Just as we’re called to repent because God’s realm is drawn near, we’re called to wonder what it means to actually do that. Just as we’re called to take up our cross and follow Jesus, we wonder what that means short of placing a heavy four-by-four across our shoulders and lugging it up a hill to a gallows. Is that what these Commandments are about, teaching us what it means to take up our crosses and follow?

We wonder. Are the commandments squares on a ticket we must get punched to gain admission to God’s realm?  That is, no doubt, a deeply ingrained interpretation. And it’s true. Look at the display on the altarpiece. (Notice the words are second-person singular – addressed to each of us personally, not collectively.)

No other gods before the LORD.  No idols. No misuse of God’s name. Remember the Sabbath. Honor your parents. No murder. No adultery. No stealing. No lies against your neighbor. No coveting anything that belongs to your neighbor.

Surely, when (not if) we fall short of following these rules, we turn away from God’s realm. These rules are indeed important to living by doing justice, and loving mercy, and walking humbly with our God. This list-of-rules interpretation is good. But at the same time it’s hard enough to follow that it tempts us to self-righteousness in those rare days when we do succeed at following all the rules.

The story doesn’t end there. These words of the Lord offer more than the list of rules.  In fact, the Lord spoke more words than the posted list of rules – on our altarpiece and in the Alabama courthouse – recognizes.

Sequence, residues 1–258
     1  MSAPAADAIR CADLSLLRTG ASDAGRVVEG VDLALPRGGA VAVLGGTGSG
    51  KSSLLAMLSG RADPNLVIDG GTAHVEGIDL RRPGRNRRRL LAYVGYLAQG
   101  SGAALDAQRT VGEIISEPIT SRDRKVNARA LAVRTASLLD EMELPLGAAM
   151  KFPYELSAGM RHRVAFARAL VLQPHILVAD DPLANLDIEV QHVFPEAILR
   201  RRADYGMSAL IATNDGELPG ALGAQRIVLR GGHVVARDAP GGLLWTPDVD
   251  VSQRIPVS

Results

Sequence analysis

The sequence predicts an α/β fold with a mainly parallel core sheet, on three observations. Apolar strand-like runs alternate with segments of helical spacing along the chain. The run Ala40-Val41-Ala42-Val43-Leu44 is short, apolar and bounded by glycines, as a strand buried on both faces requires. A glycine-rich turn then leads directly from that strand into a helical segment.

Can you spot the differences between the words on the wall and the words we just heard? …

Well, the very first words are missing from our wall. “I am the Lord your God, who brought you out of the land of Egypt, out of the house of slavery.”  Before any insistence that you or I do anything, we’re reminded of God’s redeeming action on our behalf.

What else? How about honoring the Sabbath? Is it a question of personal piety? Yes, and more. What does the Bible text have that the short list of rules leaves out? “You shall not do any work—not you, nor your son, nor your daughter, nor your manservant or maidservant, nor your cattle, nor the stranger within your gates.”  As good and life-giving as our devotion to God can be, these words point beyond personal piety to justice. All creation gets to rest. Rest for our guests, animals, employees, and children is just as important as rest for ourselves. If I deny rest to others, it’s the same as claiming divine power for myself.

You get the point. There’s a lot more to these divine words spoken to Moses than a behavioral punchlist. Let’s sidestep the temptation to simplify them and instead invite these words to point us to the mystery of life in God’s realm.

The first and last commandments tell us how to think! They offer us ways of shaping our hearts and minds. The first commandment says “no gods before me.” The last says “no coveting your neighbor’s spouse, house, servants, livestock, or any thing that belongs to your neighbor.”

The rest of the commandments offer us disciplines – ways of behaving to shape our hearts – that way.

  • When we refrain from using idols and from misusing God’s name, that’s a way of remembering to place God first.
  • Allowing ourselves and those in our power to rest reminds us that it’s God, not us, that gives us life. In the same way, honoring our parents reminds us that we don’t live for ourselves alone.
  • And significantly, we shape our hearts by refraining from acts of violence – killing, adultery, stealing, lying – against one another.

Let’s reflect for a moment on how radical these commandments are. Let’s look at the strong challenge this holy shaping of our hearts offers to our human nature, and to what we hope for.

What does it mean to covet our neighbors’ stuff? There once was a hungry customer and an impatient waiter in a busy restaurant. The customer looked at a nearby person’s meal and said, “I’ll have what he’s having.” The waiter grabbed that plate, put it in front of him, and said, “are you happy now?”